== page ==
Compulsive Gambling, Shopping, Sex: The Weird Side Effects of Parkinson’s Drugs
This sounds like something straight out of The Onion, but I promise you, it’s not. Two drugs commonly prescribed for Parkinson’s disease have been linked to some startling side effects, according to a report on NPR.
The drugs, both belonging to a category known as dopamine agonists, can set off dangerous, compulsive bouts of gambling, shopping and sex. And the problem is serious enough that researchers are asking the FDA to require its stringent black-box warning on the drugs. While the association between these risky behaviors and the drugs had occasionally been noted in the past, it wasn’t until researchers combed through almost a decade of drug-reaction reports submitted to the FDA that the scope of the problem came to light. (As two Johns Hopkins doctors wrote in a commentary on the research in JAMA Internal Medicine, “During an office visit, a patient is unlikely to spontaneously mention, ‘By the way, doctor I lost $250,000 in casinos last week’ or ‘I spend all night on Internet pornography sites and am soliciting prostitutes.’”)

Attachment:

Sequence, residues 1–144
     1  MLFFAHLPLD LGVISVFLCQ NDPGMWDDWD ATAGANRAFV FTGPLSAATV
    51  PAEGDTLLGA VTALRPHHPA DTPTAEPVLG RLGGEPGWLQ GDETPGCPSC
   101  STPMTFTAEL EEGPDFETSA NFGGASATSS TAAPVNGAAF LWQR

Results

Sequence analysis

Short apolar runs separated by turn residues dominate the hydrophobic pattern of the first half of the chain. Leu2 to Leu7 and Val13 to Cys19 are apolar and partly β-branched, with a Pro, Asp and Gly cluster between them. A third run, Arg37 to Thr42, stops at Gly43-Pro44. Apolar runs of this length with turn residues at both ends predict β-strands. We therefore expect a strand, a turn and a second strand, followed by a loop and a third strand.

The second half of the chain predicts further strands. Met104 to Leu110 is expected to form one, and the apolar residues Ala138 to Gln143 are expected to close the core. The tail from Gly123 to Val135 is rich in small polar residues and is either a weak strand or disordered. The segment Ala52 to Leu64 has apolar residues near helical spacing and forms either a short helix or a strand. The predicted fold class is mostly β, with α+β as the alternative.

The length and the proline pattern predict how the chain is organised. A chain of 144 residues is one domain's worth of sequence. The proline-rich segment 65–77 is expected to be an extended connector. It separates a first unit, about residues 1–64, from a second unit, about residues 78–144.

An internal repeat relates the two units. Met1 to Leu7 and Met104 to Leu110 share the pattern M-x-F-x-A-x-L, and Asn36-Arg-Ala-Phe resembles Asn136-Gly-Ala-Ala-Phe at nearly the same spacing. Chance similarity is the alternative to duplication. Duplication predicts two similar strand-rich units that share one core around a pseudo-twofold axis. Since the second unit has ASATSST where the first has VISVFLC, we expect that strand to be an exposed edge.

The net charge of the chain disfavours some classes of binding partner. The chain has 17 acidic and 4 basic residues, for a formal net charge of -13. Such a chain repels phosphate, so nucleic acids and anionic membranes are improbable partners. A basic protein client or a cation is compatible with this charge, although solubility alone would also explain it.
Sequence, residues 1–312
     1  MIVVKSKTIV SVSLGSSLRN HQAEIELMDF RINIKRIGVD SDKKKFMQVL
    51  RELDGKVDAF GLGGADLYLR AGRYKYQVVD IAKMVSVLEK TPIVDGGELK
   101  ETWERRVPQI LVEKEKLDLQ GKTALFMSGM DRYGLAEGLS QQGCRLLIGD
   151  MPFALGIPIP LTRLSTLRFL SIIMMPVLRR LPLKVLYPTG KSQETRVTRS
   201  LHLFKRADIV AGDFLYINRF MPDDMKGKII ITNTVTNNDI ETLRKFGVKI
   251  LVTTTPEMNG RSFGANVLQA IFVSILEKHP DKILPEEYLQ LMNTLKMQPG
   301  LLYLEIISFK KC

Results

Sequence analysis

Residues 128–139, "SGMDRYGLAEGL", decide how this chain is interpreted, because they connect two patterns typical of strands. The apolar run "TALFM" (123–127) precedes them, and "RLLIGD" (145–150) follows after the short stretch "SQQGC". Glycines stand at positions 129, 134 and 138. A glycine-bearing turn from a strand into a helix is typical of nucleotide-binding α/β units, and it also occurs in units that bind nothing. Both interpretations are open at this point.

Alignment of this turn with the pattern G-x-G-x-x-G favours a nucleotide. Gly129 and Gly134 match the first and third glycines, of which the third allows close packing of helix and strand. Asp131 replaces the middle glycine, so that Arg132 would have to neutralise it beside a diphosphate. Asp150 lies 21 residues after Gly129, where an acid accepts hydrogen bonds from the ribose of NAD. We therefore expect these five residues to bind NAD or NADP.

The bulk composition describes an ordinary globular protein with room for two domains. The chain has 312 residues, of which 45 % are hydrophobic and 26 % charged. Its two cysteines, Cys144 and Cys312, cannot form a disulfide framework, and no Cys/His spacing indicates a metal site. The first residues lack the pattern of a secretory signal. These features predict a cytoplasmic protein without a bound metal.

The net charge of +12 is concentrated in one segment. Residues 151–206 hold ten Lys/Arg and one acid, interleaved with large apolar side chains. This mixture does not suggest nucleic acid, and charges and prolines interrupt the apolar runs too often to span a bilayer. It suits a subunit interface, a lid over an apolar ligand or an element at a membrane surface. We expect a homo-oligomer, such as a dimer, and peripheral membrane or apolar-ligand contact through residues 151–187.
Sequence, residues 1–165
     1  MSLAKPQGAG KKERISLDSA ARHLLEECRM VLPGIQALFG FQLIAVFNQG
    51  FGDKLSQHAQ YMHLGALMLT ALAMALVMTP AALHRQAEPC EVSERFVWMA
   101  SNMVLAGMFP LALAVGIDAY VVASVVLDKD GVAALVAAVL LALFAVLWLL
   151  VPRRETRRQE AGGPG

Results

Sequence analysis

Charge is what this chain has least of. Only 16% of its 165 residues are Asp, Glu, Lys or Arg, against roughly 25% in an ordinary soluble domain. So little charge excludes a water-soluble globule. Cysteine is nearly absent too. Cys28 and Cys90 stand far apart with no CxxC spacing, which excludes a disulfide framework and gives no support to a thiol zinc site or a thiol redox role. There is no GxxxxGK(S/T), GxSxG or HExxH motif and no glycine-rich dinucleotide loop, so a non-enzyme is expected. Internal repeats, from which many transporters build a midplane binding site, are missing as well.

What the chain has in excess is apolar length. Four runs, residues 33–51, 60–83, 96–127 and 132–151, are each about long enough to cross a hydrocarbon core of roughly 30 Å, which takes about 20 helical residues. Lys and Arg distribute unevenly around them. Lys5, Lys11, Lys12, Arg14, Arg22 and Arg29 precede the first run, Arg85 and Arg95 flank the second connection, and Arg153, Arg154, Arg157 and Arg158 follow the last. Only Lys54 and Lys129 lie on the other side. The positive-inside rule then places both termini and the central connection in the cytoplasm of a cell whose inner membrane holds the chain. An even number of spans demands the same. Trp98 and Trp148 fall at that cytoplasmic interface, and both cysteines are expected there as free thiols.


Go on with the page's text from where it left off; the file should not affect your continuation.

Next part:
Doctors have had patients who never gambled lose their houses because of gambling debts, as well as some who engage in sex with prostitutes and become addicted to porn. One elderly woman bought hundreds of dollars’ worth of lottery tickets every week. The behaviors disappear when the drugs are stopped. The side effects are said to resemble—and be chemically akin to—the manic cycle of bipolar disease. The drugs in question are also prescribed for restless-leg syndrome and a hormonal condition that can cause lactation.
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